With guidance from faculty sponsor Robert S. Eckley Distinguished Professor of Economics
Mike Seeborg, Gustafson is asking the question: Do second generation Mexican immigrants
fare better in the labor market than their parents, and if so, why do they do better?
Using descriptive statistics and the results of multiple regressions, Gustafson plans
to compare the gaps in wages between first and second generation immigrants to the
native mean and explore the reasons for those gaps. Furthermore, he will explore analyzing
levels of human capital to see how rates of return on education or other investments
vary between first generation, second generation, and natives.
Gustafson hopes his research will help inform the policy discussions that relate to
the quantity and quality of education of immigrants and their children.
“We cannot know the full effect of immigrants on the economy without knowing how their
children, who would not be here if not for the first generation, do in the economy,”
Gustafson was inspired to undertake this project after taking the course “Labor Economics,”
which ignited his interest in this field of study.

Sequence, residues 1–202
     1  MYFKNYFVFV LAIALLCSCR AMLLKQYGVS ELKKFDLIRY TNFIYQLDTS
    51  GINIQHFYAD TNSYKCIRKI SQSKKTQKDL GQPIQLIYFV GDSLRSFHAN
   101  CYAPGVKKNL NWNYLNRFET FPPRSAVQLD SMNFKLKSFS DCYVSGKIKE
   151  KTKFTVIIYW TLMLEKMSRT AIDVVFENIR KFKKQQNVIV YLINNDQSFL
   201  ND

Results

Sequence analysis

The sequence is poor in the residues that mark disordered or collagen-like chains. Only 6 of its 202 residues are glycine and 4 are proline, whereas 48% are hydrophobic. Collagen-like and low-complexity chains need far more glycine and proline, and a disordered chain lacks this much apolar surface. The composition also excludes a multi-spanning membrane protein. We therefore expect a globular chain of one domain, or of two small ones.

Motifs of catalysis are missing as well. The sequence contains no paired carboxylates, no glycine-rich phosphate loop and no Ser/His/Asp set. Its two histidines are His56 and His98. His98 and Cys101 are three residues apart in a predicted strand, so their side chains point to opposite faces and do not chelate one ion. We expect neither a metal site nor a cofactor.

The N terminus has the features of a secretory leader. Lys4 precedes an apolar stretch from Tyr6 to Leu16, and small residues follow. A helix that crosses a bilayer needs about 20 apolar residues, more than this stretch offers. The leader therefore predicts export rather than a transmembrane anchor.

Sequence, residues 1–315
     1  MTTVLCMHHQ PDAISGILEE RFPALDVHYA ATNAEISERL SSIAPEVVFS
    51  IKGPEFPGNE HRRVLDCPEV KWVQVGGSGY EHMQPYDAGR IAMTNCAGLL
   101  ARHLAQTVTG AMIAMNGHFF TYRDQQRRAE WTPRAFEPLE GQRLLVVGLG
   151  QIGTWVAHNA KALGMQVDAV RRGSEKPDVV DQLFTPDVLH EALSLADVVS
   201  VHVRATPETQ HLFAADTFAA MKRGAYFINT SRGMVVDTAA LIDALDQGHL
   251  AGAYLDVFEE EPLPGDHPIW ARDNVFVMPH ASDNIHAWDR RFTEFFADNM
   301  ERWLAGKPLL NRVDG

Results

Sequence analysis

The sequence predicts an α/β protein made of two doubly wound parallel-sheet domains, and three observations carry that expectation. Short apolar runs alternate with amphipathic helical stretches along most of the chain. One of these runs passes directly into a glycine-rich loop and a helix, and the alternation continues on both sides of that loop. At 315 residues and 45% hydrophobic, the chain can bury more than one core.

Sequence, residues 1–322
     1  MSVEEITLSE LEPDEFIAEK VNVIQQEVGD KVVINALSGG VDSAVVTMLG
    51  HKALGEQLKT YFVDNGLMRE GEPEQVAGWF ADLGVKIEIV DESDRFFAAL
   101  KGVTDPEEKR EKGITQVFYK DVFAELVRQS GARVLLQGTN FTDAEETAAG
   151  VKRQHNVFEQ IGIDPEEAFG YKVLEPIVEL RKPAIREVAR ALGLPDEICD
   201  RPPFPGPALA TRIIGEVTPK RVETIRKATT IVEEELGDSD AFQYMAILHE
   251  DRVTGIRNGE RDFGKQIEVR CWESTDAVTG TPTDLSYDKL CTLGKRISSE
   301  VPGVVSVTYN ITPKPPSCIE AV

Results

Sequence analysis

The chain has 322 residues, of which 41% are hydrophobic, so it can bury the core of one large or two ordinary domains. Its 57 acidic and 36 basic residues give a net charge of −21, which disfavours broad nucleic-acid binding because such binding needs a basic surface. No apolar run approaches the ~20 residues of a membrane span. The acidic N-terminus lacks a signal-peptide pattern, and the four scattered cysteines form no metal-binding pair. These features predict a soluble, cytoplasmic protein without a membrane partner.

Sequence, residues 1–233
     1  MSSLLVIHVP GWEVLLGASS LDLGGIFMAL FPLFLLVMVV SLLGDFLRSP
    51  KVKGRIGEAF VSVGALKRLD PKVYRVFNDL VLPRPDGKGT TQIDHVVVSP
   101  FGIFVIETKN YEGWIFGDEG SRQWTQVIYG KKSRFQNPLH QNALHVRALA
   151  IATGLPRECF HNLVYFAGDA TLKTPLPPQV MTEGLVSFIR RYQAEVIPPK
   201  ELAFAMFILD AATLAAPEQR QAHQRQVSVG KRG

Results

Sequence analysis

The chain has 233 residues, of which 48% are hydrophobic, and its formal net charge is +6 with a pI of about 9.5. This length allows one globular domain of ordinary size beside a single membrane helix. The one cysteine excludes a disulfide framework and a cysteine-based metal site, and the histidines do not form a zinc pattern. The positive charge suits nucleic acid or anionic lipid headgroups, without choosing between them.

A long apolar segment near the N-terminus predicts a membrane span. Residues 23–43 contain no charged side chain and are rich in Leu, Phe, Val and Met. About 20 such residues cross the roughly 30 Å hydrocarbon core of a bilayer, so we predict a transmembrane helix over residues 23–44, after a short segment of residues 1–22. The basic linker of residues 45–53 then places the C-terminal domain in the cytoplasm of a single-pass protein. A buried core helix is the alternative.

“I applied for the research fund because I wanted to be able to engage in real-world,
hands-on research during my time at IWU,” Gustafson said. “I am considering a career
in researching economics, so this research would be an outstanding way to jumpstart
myself with the guidance of a veteran in the field like Professor Seeborg.
“My experience thus far at Illinois Wesleyan has sufficiently prepared me to undergo
this research through the combination of liberal arts classes I've taken along with
my Economics major,” Gustafson continued. “Writing research papers and giving presentations
in classes such as “Sitcoms and Society” with (R. Forrest Colwell Endowed Chair of
English and Professor of English) James Plath and “Introduction to Japanese History”
with (Professor of History) Thomas Lutze have honed my writing and oral skills to
a level that I am comfortable undergoing this research, writing the paper and presenting
In 2013, Mark A. Israel, ’91 established the Mark A. Israel ‘91 Endowed Summer Research
Fund in Economics to provide a generous stipend and expense allowance to a student
wishing to collaborate closely with a faculty member in IWU’s Department of Economics.
“I would like to express my dear gratitude to Dr. Israel for funding this wonderful
opportunity,” Gustafson said. “I am very much looking forward to the experience.”